Tai­wan pres­i­dent low-key on Trump phone call

Beijing fumes as Tsai plays down con­tact in in­ter­view, de­nies any shift in pol­icy

The Washington Times Daily - - WORLD - BY GUY TAY­LOR

TAIPEI, TAI­WAN | In her first pub­lic com­ments since a prece­dent-shat­ter­ing phone con­ver­sa­tion with Pres­i­dent-elect Trump, Pres­i­dent Tsai Ing-wen on Tues­day was not tak­ing a diplo­matic vic­tory lap, stress­ing in­stead that “one phone call does not mean a pol­icy shift” be­tween Wash­ing­ton and the is­land democ­racy that China re­gards as its ter­ri­tory.

While Fri­day’s phone call in­fu­ri­ated Beijing and in­spired an ex­er­cise in dam­age con­trol by the Obama ad­min­is­tra­tion, the cau­tious Ms. Tsai out­lined a far more mod­est in­tent be­hind the ex­change with Mr. Trump, ap­par­ently the first di­rect talk be­tween a Tai­wanese leader and an Amer­i­can pres­i­dent or pres­i­dent-elect in four decades.

“The phone call was a way for us to ex­press our re­spect for the U.S. elec­tion as well as to con­grat­u­late Pres­i­dent-elect Trump on his win,” Ms. Tsai told a small group of Amer­i­can re­porters about the call that has made head­lines around the world since Mr. Trump tweeted about it over the week­end.

“I do not fore­see ma­jor pol­icy shifts in the near fu­ture be­cause we all see the value of sta­bil­ity in the region,” Ms. Tsai told the U.S. re­porters in Taipei on a trip spon­sored by the U.S.-backed East-West Cen­ter.

Her re­marks re­flected a cau­tious pos­ture taken by others in her ad­min­is­tra­tion while Mr. Trump and his aides have sent con­flict­ing sig­nals about what plan­ning went into the phone call, which has been widely per­ceived as a clear nod by the in­com­ing U.S. ad­min­is­tra­tion to Tai­wanese sovereignty.

The call is be­lieved to have been the first in 40 years be­tween a Tai­wanese leader and a U.S. pres­i­dent-elect in the wake of the 1979 “One China” pol­icy, in which Wash­ing­ton rec­og­nized China as the sole legal govern­ment of the Chi­nese peo­ple and cut off of­fi­cial diplo­matic re­la­tions with Tai­wan.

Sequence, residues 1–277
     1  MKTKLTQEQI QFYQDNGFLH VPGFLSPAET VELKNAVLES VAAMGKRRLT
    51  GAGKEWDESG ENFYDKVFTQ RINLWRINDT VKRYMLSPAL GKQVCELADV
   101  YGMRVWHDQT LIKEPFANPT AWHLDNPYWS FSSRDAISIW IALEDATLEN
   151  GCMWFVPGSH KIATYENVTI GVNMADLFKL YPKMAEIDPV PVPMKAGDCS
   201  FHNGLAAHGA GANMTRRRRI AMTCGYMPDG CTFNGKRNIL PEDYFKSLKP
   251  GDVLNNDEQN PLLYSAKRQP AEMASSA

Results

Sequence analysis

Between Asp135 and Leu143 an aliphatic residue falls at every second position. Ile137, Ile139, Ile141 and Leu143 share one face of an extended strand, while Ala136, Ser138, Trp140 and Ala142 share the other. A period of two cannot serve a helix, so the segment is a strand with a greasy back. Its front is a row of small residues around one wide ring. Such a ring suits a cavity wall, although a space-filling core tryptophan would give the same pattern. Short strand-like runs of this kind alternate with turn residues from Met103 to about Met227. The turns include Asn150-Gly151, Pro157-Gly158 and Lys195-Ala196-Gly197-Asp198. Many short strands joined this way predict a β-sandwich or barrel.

China lodged a diplo­matic protest on Satur­day over the call, plac­ing most of the blame not on Mr. Trump but on the Tsai govern­ment for en­gag­ing in it as a “petty” move to ag­i­tate Beijing. China’s For­eign Min­istry said it had lodged “stern” protests with what it called the “rel­e­vant U.S. side,” im­ply­ing that it had raised the mat­ter di­rectly with Mr. Trump’s tran­si­tion team.

While Mr. Trump tweeted Satur­day that Ms. Tsai had ini­ti­ated the call with him, it was un­clear whether his tweet­ing about it was a risky rookie for­eign pol­icy mistake or a strate­gic move to ad­vise China to ready it­self for a more mus­cu­lar pos­ture from the in­com­ing U.S. ad­min­is­tra­tion.

A spokesman for Ms. Tsai has said both sides agreed to the call be­fore it took place, ac­cord­ing to Reuters, and some in Tai­wan’s wider govern­ment and diplo­matic com­mu­nity said the call clearly in­volved close plan­ning.

Szu-chien Hsu, pres­i­dent of the Tai­wan Foun­da­tion for Democ­racy, an in­de­pen­dent or­ga­ni­za­tion with back­ing from the govern­ment, said there’s no way Mr. Trump was act­ing on im­pulse with the call.

“I’m think­ing it was be­ing pre­pared for quite a long time,” said Mr. Hsu, a for­mer po­lit­i­cal science pro­fes­sor in Tai­wan, who cred­ited the in­com­ing U.S. pres­i­dent with us­ing the call to gen­er­ate a strate­gic ad­van­tage over Chi­nese Pres­i­dent Xi Jin­ping.

“I think Trump has put Xi Jin­ping in a very awk­ward position — a dif­fi­cult position,” Mr. Hsu said. “It’s awk­ward for Beijing. How do you re­act to that? If you make too big a deal, then you’re hurt­ing your­self. You’re hurt­ing your pos­si­ble re­la­tion­ship with Trump.”

On Twit­ter, Mr. Trump has lashed out at crit­ics who ac­cused him of act­ing ir­re­spon­si­bly to­ward the del­i­cate diplo­macy over China and Tai­wan.

“Did China ask us if it was OK to carry out a num­ber of ac­tions such as build up dis­puted is­lands in the South China Sea or take eco­nomic mea­sures hurt­ful to the United States?” Mr. Trump tweeted.

Ms. Tsai’s own rise to the Tai­wanese pres­i­dency has prompted hope dur­ing re­cent months in Wash­ing­ton for a more pro-U.S. govern­ment in Tai­wan than that of for­mer Pres­i­dent Ma Ying-jeo, a mem­ber of Tai­wan’s Chi­nese Na­tion­al­ist Party, who had spent the pre­vi­ous eight years adopt­ing a more con­cil­ia­tory pos­ture to­ward Beijing.

Newspapers in English

Newspapers from USA

© PressReader. All rights reserved.